Village life in this district would appear to be extraordinarily monotonous to an outsider. The people know little of the world beyond the little circle of local bazars where their avocations take them and they are extremely reluctant to leave home. Before taking a journey when absolutely necessary, omens are watched, astrologer consulted and an auspicious day is selected. The cultivator would rise very early in the morning and turn cattle to feed. From dawn to mid-day he ploughs or does some other field work. He rests for about three hours in the heat of the
day and from 3 o'clock takes up some light task, returning home at sunset. After supper, he goes straight to bed, but in seasons
when work is light he may go to the Chabutra of Maruti's
temple to gossip and get bazar news. Here bhajans are sung,
old stories retold and anonymous complaints concocted against the Patwari, the head constable and some other unpopular officers. Sometimes, some fairly literate man may read the purana or a newspaper. This scene is changing fast with the introduction of the radio sets given to villages by the Government and this amusement-cum-instruction is much appreciated. The work of the social welfare and block development departments for the moral and material development of the people is taking strong roots.
The visit of a troupe of acrobats or of dancing boys occasionally is much liked. Enterprising teachers in the primary schools that are multiplying start dramatic clubs and their plays in which boys and girls participate, provide much innocent and healthy amusement to old and young. This spirit is penetrating even among the Gonds and Madias and the work during the three five year plans for agricultural development, irrigation, animal husbandry, forests, housing, co-operation, small industries, education, sanitation and medical help is fast changing the face of Candrapur which was once extremely backward.
Children's games in Candrapur as elsewhere have times and season. Topal-dandu (tip-cat) and dhandhar, a sort of single stick play with farcical interludes are favourites all the year round, except during the rainy season. From the beginning of the rains till Pola, stilt-walking holds the field, but the stilts are discarded on the evening of the Badge ceremony. Phugadi is a romping dancing game, played at Dasara, Lonpata, a complicated 'touch' game played in squares, begins at the end of the rains and in Phalgun, Ghan-Makad a sort of sea-saw has its turn. A log is placed on an upright pivot, two boys seat themselves on the ends and set it whirling with a push of their feet. When sufficient velocity is attained, they lift their feet and keep whirling. This log is usually burnt in the Holi fire. Marbles or gotya is a favourite game in the hot weather. In many old temples stones are found showing deep cuts caused by village boys rubbing their marbles to make them round. In Candrapur cricket, hockey and football became popular decades ago and have now spread to every town and big village where their is a secondary school. Carrom and chess at home is noticed in some places.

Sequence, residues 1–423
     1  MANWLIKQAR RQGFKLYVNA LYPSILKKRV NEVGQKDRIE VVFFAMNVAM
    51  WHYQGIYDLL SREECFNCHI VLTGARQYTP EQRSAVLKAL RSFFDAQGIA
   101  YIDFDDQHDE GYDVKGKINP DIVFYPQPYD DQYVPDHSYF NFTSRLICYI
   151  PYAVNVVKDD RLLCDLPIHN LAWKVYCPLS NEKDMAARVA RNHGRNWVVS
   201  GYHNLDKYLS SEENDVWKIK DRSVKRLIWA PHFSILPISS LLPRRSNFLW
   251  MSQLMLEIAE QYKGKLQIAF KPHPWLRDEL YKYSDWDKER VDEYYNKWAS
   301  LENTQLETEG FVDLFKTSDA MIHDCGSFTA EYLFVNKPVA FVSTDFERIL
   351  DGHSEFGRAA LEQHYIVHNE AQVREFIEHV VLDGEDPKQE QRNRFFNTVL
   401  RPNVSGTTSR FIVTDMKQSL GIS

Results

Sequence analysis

Cattle-racing in light carts, goading animals to speed by all possible means is a popular amusement among the cultivating classes in the district. Cattle-races are held on the day of Til-Sankranta at which two pairs of bullocks, yoked to a light chakda or cart, race against each other for a distance of half a mile or so, while the owners bet on the result. Such contests are held also at the various fairs and a number of frantic cartmen
long for the day when they could take part in the cart-racing.
With the same spirit of contest, they enjoy fights between rams,
cocks and buffaloes specially trained for the purpose.
But the entertainment to the taste of the urban inhabitant of Candrapur has to be of a more cultural type. Theatrical and circus companies and the cinema houses cater for his amusement. Acrobats, dancers and snake-charmers provide occasional amusement. Organised efforts are made by dramatic clubs, libraries and new-papers from centres like Nagpur provide the intellectual amusement necessary to the literate and the educated.
Recreational activities and games popular among children of the district have parallels perhaps with such activities all the world over. Dolls made of clay and cloth and occasionally their marriages are celebrated with feasts and lire-works. Tag and chase games such as andhli kosimbir, lapandav are popular among boys of all ages. Games such as gup-cup-toba, surpa-rambi, vagh bakri are played in a team spirit. Games of gotya and bhovra (top) are played with a keen sense of contest by boys. Bhatukli (house-keeping), gajge or sagargote and phugdya are essentially games played by girls. Games played in the primary and secondary schools in the district are much the same as in any other district in the State. Of these the well known major Indian games are: atyapatya, kabaddi, kho-kho, langadi, lagorya, and viti-dandu.
Swimming and walking on stilts are the pastimes of the month of Sravana. Kite flying is a favourite amusement with the old and young in the open season about the time of Sankranta and the game of patang ladhane which consists in trying to cut the strings of each other's kites is played. When the string of a kite is cut and it tails to the ground, it becomes the property of the first person who can pick it. For this purpose, a special thread rubbed with paste and ground glass-dust is made in order to make it sharp and hard.